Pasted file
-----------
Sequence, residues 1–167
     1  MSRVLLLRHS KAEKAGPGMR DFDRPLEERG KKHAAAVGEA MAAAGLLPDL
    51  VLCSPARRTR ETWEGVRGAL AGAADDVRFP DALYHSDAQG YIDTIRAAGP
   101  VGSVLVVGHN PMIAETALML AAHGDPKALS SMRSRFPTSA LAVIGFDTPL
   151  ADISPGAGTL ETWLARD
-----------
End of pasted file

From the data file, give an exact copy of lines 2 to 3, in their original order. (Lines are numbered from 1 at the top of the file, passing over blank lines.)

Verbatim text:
     1  MSRVLLLRHS KAEKAGPGMR DFDRPLEERG KKHAAAVGEA MAAAGLLPDL
    51  VLCSPARRTR ETWEGVRGAL AGAADDVRFP DALYHSDAQG YIDTIRAAGP